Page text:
In the latest episode of Daddy Squared, we take a deep dive into the issue of "dad shaming" with guest Jeremy Hooper of GLAAD

Almost every dad has suffered some unwanted criticism either on social media or in real life, from people who 'know better' about parenting. Dad shaming is a thing, parents tend to judge other parents, and it manifests itself both on social media and in real life, making dads just feel awful about themselves. As a follow-up to our Pride episode, we talk about the opposite of pride – shame. We brought on Jeremy Hooper, a writer and consultant for GLAAD, who has been dad-shamed before he even left the hospital with his newborn, to discuss dealing with dad shaming, 'momsplaining,' and other forms of criticism.

On the eve of publishing this episode we received an email from a person who chose to remain anonymous but made sure he let us know that he had heard one of us asking our kids not to touch every single item on the Starbucks counter and the way we talked to them made him 'concerned that we are beating our children.' Less than a year ago we confronted a mom who literally told us we're bad fathers because we didn't handle a parenting situation like she would. Dad shaming is everywhere, and it happens to almost all of us, and it hurts. Even if we pretend that it doesn't.

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Change the World

New York: It's Time to Legalize Ethical Surrogacy

New York, one of only three states to prohibit compensated surrogacy, is faltering on a bill to legalize the practice in the state

With the Democratic takeover of the State Senate in the 2018 elections, legislators in New York have been busy passing any number of long-held progressive priorities, from a sweeping package of bills strengthening rent regulations to others aimed at expanding and protecting voting access in the state. But as the legislative season comes to a close, another initiative, which looked all but assured to pass just a couple months ago, now stands in limbo: the legalization of gestational surrogacy via the Child-Parent Security Act.

New York is just one of three states that doesn't already permit surrogacy in some form, but we are closer than ever before to finally legalizing this important family-building option for LGBTQ people and those who struggle with infertility. The Child-Parent Security Act has passed the State Senate, and Governor Cuomo has promised to sign it. But the legislation is now stalled in the State Assembly, where a number of legislator and advocates have unfortunately spoken out against it. Assemblywoman Deborah Glick has called the practice "pregnancy for a fee" and the "commodification of women." Gloria Steinem likened the practice to allowing "profiteering from body invasion."

But State Senator Brad Hoylman, the bill's sponsor and himself a gay father of two via surrogacy, is nonetheless pressing ahead. "My two beautiful daughters were born through gestational surrogacy," he wrote via Twitter. "They are everything to me. Every family in NY, whether LGBTQ or struggling with infertility, should have the same opportunity."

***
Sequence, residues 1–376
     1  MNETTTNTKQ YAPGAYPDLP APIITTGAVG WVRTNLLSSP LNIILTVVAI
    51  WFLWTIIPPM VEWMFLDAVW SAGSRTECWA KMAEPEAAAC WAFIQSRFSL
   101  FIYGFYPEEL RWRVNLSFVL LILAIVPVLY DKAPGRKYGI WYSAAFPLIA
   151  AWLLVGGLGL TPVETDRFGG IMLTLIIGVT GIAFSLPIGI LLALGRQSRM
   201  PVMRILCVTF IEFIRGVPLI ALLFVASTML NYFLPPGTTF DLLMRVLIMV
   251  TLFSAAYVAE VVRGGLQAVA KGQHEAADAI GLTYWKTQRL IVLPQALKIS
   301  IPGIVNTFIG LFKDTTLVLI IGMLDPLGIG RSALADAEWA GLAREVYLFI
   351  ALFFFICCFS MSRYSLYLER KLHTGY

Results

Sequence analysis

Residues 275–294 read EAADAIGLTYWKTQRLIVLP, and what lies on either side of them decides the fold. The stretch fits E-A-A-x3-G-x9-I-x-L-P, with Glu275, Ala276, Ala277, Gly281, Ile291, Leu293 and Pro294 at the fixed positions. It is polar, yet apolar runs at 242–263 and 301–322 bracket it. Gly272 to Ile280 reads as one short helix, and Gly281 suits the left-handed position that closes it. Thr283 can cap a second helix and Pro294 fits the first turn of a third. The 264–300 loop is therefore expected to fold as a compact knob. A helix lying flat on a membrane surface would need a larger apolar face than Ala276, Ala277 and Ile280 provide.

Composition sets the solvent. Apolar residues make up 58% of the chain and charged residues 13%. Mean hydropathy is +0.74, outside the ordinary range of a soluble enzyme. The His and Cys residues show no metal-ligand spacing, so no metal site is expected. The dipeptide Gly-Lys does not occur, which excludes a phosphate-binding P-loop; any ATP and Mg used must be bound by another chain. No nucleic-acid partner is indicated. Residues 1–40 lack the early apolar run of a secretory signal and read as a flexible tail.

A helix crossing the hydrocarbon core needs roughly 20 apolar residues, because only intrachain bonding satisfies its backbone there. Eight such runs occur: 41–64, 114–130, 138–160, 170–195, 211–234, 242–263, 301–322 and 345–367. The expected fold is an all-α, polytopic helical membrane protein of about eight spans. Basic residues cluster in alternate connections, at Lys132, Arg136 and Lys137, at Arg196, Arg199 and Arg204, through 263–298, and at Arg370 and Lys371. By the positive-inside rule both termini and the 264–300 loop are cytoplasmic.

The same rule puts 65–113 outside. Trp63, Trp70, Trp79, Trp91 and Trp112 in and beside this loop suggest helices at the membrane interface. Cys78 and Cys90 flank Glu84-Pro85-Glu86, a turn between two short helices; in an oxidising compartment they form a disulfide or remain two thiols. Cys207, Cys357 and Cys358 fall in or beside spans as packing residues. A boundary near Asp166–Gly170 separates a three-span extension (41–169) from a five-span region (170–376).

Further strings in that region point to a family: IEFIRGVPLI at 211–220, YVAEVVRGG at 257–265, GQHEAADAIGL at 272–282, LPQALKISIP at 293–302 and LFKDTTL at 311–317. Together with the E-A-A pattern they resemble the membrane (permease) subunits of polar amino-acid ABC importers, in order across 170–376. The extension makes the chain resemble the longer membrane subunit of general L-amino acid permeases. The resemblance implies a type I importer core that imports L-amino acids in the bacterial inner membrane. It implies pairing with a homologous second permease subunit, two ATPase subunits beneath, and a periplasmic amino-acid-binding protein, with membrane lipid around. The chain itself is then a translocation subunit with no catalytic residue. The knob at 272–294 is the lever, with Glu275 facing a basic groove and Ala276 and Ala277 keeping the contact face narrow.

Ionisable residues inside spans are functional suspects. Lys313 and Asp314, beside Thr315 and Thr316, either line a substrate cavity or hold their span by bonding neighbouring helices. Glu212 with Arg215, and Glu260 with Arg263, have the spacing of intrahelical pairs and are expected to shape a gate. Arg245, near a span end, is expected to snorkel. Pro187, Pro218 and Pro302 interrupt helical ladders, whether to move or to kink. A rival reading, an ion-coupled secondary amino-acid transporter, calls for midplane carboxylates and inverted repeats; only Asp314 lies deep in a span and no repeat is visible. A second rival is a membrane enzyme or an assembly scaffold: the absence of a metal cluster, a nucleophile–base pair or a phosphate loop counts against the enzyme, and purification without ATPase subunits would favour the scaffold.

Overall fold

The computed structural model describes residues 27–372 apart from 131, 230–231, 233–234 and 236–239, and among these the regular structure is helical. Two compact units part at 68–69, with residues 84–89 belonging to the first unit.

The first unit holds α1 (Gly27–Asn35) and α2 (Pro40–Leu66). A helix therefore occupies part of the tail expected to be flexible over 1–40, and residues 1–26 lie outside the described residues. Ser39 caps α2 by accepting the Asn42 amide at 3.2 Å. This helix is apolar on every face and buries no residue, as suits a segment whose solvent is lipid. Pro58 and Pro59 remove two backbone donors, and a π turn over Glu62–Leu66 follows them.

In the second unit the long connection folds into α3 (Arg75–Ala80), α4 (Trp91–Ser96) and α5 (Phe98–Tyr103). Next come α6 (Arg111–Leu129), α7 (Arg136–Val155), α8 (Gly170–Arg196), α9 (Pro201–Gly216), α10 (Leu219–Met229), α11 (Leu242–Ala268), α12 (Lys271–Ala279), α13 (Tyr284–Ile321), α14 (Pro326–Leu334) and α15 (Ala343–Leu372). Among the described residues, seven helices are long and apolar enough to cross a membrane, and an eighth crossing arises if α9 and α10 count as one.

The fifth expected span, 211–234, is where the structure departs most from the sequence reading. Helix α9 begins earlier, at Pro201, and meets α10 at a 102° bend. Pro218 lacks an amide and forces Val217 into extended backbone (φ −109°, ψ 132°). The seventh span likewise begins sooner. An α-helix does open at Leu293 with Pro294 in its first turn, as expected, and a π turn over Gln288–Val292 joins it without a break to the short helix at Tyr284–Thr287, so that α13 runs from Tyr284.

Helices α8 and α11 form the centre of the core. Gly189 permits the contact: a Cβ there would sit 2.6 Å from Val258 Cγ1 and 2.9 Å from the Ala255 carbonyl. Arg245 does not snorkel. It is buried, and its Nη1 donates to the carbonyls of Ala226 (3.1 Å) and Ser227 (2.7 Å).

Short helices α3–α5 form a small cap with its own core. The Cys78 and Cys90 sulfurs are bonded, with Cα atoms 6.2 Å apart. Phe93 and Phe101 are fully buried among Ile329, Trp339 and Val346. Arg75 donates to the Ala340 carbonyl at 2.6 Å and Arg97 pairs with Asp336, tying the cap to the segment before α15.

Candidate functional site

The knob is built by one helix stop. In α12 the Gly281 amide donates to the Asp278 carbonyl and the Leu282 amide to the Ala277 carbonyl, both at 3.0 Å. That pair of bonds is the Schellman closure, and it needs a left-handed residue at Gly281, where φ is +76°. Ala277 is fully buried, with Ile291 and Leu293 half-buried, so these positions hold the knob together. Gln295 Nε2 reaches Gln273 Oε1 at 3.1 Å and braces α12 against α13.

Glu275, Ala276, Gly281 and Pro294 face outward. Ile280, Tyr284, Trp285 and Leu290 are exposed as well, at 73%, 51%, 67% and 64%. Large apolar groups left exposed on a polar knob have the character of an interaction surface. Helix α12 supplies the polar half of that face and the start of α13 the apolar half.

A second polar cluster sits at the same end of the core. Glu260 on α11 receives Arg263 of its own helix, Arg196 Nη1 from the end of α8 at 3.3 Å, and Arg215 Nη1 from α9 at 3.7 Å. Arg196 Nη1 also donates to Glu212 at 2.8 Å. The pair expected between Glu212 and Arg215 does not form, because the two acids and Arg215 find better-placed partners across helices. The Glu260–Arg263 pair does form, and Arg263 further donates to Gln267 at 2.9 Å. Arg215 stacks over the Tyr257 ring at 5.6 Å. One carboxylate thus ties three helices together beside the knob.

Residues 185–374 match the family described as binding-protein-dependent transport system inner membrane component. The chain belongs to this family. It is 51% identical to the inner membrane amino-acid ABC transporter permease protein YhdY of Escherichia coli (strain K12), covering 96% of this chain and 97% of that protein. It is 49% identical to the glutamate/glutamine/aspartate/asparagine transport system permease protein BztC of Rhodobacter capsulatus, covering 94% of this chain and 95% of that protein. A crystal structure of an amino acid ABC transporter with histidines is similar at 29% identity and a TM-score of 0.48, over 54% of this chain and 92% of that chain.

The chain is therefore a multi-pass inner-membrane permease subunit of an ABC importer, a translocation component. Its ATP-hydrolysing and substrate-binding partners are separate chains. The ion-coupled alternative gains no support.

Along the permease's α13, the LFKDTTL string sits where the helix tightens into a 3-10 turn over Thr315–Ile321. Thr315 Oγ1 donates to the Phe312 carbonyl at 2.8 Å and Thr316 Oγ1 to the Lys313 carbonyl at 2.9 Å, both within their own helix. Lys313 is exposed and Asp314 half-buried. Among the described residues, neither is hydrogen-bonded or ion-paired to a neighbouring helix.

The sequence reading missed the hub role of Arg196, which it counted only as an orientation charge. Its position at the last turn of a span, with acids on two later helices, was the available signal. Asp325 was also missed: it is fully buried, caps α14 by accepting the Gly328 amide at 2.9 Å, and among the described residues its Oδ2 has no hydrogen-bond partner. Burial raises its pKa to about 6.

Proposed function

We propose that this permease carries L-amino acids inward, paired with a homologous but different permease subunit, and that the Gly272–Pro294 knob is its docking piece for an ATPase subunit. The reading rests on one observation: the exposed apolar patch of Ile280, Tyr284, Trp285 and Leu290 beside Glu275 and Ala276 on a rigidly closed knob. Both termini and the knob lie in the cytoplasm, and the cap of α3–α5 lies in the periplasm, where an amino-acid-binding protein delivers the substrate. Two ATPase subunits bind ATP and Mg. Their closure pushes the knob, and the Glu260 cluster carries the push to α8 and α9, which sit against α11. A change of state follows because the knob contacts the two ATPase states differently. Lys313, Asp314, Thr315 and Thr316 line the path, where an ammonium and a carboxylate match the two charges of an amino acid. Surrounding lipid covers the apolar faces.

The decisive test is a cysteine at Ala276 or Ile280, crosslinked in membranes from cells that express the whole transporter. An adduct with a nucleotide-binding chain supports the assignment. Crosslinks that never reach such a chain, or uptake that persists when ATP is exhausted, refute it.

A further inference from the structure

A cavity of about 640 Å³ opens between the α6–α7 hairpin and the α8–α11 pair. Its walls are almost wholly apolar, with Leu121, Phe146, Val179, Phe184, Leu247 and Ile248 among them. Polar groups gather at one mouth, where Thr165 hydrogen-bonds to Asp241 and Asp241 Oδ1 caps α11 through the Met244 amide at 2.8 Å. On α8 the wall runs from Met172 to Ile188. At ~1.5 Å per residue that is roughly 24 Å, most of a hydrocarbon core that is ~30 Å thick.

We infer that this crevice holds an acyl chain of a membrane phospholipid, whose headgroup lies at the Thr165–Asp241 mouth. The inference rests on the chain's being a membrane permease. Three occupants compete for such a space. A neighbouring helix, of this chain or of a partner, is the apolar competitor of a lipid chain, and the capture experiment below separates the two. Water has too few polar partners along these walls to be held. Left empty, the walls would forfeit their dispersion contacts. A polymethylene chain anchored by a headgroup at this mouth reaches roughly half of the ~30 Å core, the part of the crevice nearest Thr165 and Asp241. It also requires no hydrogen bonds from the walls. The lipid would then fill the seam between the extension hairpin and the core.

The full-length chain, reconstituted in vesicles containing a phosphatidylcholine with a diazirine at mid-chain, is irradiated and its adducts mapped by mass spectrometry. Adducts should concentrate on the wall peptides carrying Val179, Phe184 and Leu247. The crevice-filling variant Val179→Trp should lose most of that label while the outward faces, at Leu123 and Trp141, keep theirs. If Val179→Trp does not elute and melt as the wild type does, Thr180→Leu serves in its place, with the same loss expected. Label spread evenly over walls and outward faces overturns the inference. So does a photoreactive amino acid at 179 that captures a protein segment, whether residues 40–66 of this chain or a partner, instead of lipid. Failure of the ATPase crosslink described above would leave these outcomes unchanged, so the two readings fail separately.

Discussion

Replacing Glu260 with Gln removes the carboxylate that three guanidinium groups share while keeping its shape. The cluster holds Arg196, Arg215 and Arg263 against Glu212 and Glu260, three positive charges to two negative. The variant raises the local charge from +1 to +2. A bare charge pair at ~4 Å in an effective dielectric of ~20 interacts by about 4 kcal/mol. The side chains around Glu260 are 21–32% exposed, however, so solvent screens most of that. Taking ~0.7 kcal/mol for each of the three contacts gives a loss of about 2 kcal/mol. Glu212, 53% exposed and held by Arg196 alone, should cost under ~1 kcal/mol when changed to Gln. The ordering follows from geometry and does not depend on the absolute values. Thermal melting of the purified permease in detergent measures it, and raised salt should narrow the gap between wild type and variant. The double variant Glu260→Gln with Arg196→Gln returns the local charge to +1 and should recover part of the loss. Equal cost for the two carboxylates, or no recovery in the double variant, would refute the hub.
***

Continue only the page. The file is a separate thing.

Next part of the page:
We at Gays With Kids couldn't agree more, which is why we've brought you countless stories of gay dads, like Senator Hoylman, who have realized their dream of fatherhood through the incredible medical advancements of the last several decades that make surrogacy possible.

But even more importantly: we've brought you the stories of surrogates themselves — a perspective so often left out of the morality debate surrounding surrogacy — who help illuminate the incredible and diverse set of reasons women decide to become surrogates. The joy many of these women take in helping others realize their dream of parenthood via surrogacy is truly palpable, and couldn't sound more different from the alarmist and coercive reality painted by surrogacy's critics.

Here are just a few of their voices:

  • Shelly Marsh, told us of the urge she felt after becoming a mother herself to help others who can't start families as easily. She subsequently worked with two separate gay couples to do exactly that. "My girls are my life," she told us of her decision to become a surrogate. "If I have the ability to share that love with someone else, that is what I wanted to do."
  • Heather Manojlovic told us about some of the reasons she enjoyed working to make fatherhood a reality for gay intended parents. "The fact that I was able to help someone that may have had to overcome a lot of adversity during his lifetime to fulfill a dream meant so much to me," she wrote.

  • Another surrogate we profiled told us about the experience of working with an HIV positive man, a population of people who once thought biological fatherhood would never be in their future, become a dad through the Special Program for Assisted Reproduction (SPAR) program. "I knew they didn't have the same number of gestational carrier match options that gay men who weren't part of the SPAR program had," she wrote. "It felt even more gratifying for me to be able to be the person who helped make their dreams come true."

To be clear: surrogacy does indeed raise any number of moral and ethical issues that should absolutely be discussed before legalizing it. Abroad, surrogacy is often left unregulated, which creates a system that does in fact take advantage of women and their families who serve as surrogates. And let's face it: surrogacy is expensive, meaning this form of family creation is far too often available to just a privileged few.

But rather than ban the practice completely, why not work to improve these shortcomings?